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Thursday, 13 May 1915


Senator NEEDHAM (Western Australia) . - It is my desire to take this opportunity of referring to one or two matters in connexion with the Customs Department. I would like to have a statement from the Minister as to when the Navigation Act will be put into operation. I have an idea that there has been -some trouble on account of the present war, but from other sources I am told that the present conflict need not be a barrier. It took nine or ten years to get the Bill through this Chamber, and when it received the Royal Assent a change of Government took place. Whilst that Ministry occupied the Treasury bench there was no war for the greater part of the time, but still they refrained from putting into operation the provisions of that measure. Even if the war should be a barrier, I think some portions of the Act can be made operative, and the sooner this is done the better it will be for the Australian steam-ship companies, for our Australian seamen, and, I think, the better for the Australian passengers so far as the safety of life is concerned. Another matter to which I wish to refer is the lighting of our coast. We passed the Lighthouses Act some time ago - I forget how long - but 60 far nothing has been done by the Department to improve the lighting on the Australian coast. I do not know what the Minister will have to say in defence of the inactivity of the Department, but I do not think that the war can be used as an excuse. The western coast, and particularly the north-western portion of the Western State, is not adequately lighted, and because of this, shipping is subjected to very grave dangers. I think the Minister might let the Senate know what are the intentions of the Government in regard to those two measures.


Senator Blakey - There is a sum of £937 down for the survey of the northwest coast.


Senator NEEDHAM - I was not referring to the surveying of the coast, but to the lighting arrangements. I understand my colleagues, earlier in the afternoon, brought under the notice of the Government the question of purchasing sleepers for future railway construction. I had the honour, a few weeks ago, of waiting upon the Minister of Home Affairs on behalf of my colleagues in the Western State, and submitting to him a proposal that at least 1,000,000 jarrah or kairi sleepers should be purchased from the Western Australian Government for use on the trans-Australian railway. There were two objects in view in making that application. The first was to urge that the timber is of good quality, and by purchasing now the Government could be assured that it would be well seasoned, and thus better fitted for the purpose. The second object was to secure employment for those men who, owing to the war, have been dismissed, or found themselves out of employment because of the dislocation of trade resulting in the closing down of several timber mills in Western Australia. After a considerable delay, the Minister of Home Affairs sent me a reply saying that, in the opinion of the experts of his Department, the proposal could not be accepted because the sleepers, when exposed to the atmosphere, would not be properly seasoned, and would not be suitable for the purpose.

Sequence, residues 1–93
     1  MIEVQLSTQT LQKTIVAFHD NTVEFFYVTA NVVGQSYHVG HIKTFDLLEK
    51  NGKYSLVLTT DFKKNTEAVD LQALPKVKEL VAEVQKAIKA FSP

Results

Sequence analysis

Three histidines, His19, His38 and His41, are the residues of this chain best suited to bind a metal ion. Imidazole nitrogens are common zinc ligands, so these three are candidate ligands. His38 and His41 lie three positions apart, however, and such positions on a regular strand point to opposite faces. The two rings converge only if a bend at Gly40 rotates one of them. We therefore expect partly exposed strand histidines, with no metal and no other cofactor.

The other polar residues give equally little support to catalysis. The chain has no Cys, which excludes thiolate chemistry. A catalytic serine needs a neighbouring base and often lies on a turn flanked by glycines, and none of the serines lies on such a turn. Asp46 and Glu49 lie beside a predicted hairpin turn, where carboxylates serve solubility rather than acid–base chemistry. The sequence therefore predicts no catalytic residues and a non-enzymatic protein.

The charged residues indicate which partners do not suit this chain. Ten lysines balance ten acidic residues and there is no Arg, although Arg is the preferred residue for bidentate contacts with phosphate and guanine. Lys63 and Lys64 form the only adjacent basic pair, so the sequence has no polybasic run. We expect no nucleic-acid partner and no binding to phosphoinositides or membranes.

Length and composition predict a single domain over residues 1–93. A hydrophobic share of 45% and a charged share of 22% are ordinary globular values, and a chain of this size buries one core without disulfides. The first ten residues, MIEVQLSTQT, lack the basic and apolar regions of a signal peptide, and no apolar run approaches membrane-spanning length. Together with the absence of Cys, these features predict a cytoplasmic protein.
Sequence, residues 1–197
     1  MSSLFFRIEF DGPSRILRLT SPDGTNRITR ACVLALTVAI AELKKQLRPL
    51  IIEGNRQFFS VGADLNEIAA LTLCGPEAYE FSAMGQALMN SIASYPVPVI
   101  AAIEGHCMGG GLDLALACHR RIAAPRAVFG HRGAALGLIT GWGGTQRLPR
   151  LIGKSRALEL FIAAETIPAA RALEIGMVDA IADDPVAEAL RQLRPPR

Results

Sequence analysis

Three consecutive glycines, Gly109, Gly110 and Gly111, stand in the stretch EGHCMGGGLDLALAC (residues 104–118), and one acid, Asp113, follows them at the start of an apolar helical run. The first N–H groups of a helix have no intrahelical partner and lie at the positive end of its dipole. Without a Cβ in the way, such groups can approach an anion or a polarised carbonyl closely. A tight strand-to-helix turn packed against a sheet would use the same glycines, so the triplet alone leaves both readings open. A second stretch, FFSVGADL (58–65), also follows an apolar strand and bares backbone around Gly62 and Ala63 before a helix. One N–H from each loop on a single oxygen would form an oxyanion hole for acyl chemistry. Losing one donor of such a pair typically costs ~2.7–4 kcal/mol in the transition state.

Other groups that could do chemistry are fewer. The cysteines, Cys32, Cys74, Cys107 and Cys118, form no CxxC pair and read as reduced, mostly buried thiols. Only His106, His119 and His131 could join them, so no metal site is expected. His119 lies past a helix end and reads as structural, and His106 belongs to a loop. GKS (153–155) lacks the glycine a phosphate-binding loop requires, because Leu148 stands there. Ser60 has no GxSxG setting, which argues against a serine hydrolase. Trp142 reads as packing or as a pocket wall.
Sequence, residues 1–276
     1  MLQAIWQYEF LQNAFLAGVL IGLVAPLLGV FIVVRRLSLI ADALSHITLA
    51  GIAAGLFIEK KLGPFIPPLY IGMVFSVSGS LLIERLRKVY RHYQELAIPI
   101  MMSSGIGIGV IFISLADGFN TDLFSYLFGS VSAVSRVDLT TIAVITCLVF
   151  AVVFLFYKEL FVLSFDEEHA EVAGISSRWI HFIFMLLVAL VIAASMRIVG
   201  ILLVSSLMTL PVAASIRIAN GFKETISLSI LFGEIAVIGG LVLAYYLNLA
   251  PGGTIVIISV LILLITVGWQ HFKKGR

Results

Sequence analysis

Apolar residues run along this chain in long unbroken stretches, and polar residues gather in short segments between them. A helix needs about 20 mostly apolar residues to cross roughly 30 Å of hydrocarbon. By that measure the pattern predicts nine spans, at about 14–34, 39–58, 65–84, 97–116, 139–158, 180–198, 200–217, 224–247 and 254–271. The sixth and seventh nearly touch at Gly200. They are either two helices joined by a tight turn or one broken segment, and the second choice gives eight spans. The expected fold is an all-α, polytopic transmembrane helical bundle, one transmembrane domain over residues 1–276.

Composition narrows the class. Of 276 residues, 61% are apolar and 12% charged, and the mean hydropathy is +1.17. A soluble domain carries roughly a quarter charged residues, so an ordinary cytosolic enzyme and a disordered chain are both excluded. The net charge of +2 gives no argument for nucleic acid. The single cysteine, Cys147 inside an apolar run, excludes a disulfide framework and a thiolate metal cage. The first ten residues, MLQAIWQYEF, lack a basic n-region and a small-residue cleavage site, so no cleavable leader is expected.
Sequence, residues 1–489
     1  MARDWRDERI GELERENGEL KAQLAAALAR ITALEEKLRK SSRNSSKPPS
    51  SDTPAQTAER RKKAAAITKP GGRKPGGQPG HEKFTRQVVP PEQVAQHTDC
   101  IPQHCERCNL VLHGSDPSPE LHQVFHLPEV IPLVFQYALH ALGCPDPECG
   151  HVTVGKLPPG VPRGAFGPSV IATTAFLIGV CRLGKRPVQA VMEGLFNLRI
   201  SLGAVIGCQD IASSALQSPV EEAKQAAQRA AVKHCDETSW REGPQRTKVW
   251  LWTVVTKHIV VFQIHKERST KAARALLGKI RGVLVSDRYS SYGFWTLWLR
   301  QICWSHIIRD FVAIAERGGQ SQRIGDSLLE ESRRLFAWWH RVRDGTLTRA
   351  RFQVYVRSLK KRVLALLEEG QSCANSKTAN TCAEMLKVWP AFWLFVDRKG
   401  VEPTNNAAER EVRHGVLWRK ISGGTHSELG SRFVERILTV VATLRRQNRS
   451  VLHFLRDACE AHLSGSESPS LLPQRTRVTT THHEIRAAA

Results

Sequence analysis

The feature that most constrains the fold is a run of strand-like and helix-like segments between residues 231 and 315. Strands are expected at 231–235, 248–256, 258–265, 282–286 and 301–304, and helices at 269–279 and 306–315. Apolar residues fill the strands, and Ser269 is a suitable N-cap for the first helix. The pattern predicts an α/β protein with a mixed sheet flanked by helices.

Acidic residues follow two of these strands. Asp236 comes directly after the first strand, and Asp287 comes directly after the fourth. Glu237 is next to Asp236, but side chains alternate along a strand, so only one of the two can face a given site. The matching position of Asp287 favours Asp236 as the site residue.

Senator Henderson - What absolute rot!


Senator NEEDHAM - In that letter, the Minister stated that they were awaiting the arrival from Western Australia of the Commonwealth Chief Engineer for Railways, Mr. Bell. I, for one, am not prepared to accept the statements of any expert that Western Australian hardwood timber, when exposed to the atmosphere, will deteriorate.


Senator NEWLANDS (SOUTH AUSTRALIA) - It is the best thing that could be done with the timber.


Senator NEEDHAM - Those who have had experience with the timber know that the opposite is the effect. To realize this, one has only to travel through the Western State and see the huge stacks of sleepers piled up year after year in the different yards, and used as they are required for the Western Australian railways, and also for other building purposes. The experience is that the more exposure the timber gets the better and sounder it is for the purpose to which it is put. Where the expert got his idea from I do not. know. I would like to see this matter gone into more closely, because. I am sure the expert's opinion can easily be disproved.


Senator Henderson - The expert must have been referring to blackboy.


Senator NEEDHAM - I am not speaking from a parochial point of view. The timber is good and useful for the purpose, and by purchasing a stock of sleepers from the Western Australian Government at the present juncture, the Commonwealth Government will enable men who are at present unemployed to obtain a livelihood. I also ask the Minister of Defence if he has yet re-opened the matter I mentioned a few weeks ago with regard to the assistant armourers; and if he has yet received the report of the Chief Ordnance Officer concerning the quality of the boots supplied by Goode, Durrant and Company, in Western Australia; as well as of the candle-tins supplied by the other firm mentioned ? If he lias received that report, I would like to know the nature of it.







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